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Monuments are put under wraps

Discussion in 'The Blitz' started by Jim, Sep 24, 2006.

  1. Jim

    Jim New Member

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    Monuments are put under wraps for the duration of the war. Part of the preparations in anticipation of aerial bombardment was that many of the great civic statues and landmarks had to be protected. Here work takes place on he statue of King Charles I just across from Trafalgar square. The timber-framed construction, filled with sandbags and faced with corrugated iron cost £320 stated the First Commissioner of Works in answer to a question n the House of Commons in December 1939.

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    The completed structure protecting the equestrian statue of Charles 1 Behind, in Trafalgar Square, the National Gallery, and the lions still sit boldly on their plinths.

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  2. Jim

    Jim New Member

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    The boarded-up statue of Eros and the 'Dig for Victory' banner are the only signs of war in this picture of Piccadilly Circus.

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    At work in October 1939 to protect he statue of Eros at Piccadilly Circus.

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  3. Jim

    Jim New Member

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    Public air-raid shelters and the posters of the National Savings Group campaign are among the more outstanding changes in central London seen during the first seven months of war. Trafalgar Square (top) displays both of these developments, including the very appropriate slogan on the plinth of Nelson's column: "Convoy Your Country to Victory." The very soundly built air-raid shelters in the foreground hold 800 people and display a large and prominent notice to this effect (circle), Eros (below right) in Piccadilly Circus, has been finished sandbagging and now is encircled with hoardings.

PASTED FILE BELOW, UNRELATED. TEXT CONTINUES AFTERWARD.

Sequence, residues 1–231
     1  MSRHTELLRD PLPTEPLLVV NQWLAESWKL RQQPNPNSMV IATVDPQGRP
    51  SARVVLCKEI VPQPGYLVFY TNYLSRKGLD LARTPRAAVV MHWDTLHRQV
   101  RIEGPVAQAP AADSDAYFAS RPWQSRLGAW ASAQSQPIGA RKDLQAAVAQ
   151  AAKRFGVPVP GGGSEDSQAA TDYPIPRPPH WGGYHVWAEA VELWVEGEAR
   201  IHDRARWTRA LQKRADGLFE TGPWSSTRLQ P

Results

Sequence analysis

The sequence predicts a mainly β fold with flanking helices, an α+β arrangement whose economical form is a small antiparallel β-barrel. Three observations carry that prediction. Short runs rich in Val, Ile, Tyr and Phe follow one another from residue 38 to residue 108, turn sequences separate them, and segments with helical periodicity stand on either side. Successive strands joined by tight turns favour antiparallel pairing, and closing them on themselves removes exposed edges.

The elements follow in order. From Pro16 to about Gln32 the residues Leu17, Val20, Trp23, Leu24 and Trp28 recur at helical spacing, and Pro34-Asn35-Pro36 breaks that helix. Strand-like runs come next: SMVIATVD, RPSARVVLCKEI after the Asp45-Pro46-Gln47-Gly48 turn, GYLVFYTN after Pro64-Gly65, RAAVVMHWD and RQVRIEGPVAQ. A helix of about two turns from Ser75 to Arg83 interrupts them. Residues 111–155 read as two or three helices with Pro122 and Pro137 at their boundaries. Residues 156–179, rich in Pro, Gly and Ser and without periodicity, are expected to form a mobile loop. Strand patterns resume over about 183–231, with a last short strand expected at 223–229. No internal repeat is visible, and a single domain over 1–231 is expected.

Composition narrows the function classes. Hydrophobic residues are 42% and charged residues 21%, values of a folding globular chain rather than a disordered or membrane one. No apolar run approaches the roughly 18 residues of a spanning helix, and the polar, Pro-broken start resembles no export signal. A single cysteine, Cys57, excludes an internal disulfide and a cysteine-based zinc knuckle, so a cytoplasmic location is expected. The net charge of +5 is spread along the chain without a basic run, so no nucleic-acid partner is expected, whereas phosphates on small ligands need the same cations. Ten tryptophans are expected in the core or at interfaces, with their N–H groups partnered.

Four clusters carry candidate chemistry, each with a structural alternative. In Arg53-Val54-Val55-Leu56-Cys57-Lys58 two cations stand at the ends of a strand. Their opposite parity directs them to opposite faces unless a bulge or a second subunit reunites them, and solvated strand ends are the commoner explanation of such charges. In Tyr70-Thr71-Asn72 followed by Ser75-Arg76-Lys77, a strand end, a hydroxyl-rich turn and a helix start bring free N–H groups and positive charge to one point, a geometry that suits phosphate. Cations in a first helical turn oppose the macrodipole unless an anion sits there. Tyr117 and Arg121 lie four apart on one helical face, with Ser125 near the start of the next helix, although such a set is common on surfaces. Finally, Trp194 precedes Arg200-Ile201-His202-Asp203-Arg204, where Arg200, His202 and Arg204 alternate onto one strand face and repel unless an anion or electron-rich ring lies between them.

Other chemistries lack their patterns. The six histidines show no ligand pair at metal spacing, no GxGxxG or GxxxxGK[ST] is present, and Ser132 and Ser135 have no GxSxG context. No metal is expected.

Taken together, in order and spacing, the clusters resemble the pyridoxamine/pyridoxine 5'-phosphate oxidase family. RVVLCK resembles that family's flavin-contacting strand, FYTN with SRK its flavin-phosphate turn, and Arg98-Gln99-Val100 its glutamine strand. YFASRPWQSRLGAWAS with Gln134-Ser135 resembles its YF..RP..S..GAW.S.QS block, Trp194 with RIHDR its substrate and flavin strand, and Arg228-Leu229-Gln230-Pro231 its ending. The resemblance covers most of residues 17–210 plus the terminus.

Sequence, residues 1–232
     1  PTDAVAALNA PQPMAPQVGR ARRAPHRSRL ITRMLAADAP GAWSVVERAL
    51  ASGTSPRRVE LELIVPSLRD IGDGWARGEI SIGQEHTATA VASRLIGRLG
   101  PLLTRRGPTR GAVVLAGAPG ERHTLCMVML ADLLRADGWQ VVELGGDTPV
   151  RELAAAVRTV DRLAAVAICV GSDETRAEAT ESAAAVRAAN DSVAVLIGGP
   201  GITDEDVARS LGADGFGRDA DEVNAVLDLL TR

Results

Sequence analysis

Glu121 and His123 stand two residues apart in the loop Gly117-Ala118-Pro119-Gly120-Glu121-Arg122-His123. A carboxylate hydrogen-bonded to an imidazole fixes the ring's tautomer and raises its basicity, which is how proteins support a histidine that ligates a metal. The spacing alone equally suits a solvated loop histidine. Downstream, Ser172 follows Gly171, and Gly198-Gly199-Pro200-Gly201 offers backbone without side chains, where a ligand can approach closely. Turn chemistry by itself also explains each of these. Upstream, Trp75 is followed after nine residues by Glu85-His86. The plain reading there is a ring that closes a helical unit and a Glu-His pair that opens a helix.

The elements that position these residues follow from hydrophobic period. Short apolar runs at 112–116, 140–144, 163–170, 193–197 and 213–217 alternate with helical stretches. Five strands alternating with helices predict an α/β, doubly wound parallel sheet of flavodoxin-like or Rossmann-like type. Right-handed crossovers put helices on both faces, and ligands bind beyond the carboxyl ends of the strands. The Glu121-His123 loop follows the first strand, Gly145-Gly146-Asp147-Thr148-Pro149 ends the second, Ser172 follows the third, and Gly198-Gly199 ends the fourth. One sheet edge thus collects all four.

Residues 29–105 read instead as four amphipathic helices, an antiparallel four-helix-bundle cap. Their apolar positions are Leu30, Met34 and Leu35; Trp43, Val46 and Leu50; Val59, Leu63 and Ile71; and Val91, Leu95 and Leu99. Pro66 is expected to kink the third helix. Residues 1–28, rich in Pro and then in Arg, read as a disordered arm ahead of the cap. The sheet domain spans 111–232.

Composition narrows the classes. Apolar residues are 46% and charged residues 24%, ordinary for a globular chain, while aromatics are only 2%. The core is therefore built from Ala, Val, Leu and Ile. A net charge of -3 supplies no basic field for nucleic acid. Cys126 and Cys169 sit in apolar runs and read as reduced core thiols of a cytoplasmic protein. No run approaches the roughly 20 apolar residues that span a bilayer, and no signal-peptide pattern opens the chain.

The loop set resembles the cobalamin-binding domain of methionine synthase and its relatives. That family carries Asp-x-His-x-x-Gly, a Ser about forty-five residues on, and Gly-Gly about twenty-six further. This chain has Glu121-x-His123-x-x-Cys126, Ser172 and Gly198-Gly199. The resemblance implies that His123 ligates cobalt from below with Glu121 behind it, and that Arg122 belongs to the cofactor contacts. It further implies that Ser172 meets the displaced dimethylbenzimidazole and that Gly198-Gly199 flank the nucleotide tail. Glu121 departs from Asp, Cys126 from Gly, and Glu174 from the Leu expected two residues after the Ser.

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  4. Jim

    Jim New Member

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    The statue of Eros was removed from its pedestal in Piccadilly Circus and evacuated to safety for the duration of the war. Here, in October 1939, scaffolding is being erected to enable removal.

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    Like many public monuments, the pedestal on which Eros stood and the fountain below it was sandbagged to protect it during bombing raids.

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    The statue of King Charles I in Trafalgar Square is covered with corrugated iron to protect it from damage during air raids.

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  5. Jim

    Jim New Member

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    Above and Below A 'Christmas Treat Fund' poster is erected over the sandbagged fountain and plinth for the Eros statue which, like the 300,000 London children the fund aimed to help, had been evacuated to safety in the country. It was the first Christmas of the war and for many children, and their parents, it was a difficult one for those who could not be together as a family.

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    An attempt to cover up the ugly sandbagged facade of the Eros fountain with a life size frieze depicting some typical scenes from Piccadilly Circus. The project was part of the War Savings Campaign to persuade citizens to donate their savings to the war effort.

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